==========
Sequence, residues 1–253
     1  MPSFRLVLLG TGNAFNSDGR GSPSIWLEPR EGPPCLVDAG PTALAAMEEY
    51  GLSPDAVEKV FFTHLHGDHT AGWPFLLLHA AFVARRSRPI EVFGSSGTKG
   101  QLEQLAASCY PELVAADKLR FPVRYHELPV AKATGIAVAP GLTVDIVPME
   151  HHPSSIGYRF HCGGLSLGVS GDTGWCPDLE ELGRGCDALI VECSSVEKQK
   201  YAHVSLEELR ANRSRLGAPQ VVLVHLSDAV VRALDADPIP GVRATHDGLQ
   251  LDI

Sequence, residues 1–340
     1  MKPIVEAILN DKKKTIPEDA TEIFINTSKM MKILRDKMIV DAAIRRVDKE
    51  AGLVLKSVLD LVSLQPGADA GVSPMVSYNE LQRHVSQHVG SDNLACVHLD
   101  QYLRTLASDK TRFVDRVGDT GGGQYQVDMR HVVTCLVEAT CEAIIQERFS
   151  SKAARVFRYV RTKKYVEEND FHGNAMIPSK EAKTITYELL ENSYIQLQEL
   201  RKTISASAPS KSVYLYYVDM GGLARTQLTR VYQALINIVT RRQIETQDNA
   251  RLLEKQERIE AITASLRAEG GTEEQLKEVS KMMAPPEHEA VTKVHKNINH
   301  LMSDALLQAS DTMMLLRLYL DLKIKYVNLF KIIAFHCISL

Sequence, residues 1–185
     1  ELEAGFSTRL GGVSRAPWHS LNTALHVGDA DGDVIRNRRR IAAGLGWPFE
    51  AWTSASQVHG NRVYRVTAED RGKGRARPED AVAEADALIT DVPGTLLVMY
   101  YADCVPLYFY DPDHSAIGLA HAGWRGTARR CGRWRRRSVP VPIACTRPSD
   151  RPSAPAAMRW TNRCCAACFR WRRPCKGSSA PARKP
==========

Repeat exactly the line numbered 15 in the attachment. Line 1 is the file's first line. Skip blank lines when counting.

   301  LMSDALLQAS DTMMLLRLYL DLKIKYVNLF KIIAFHCISL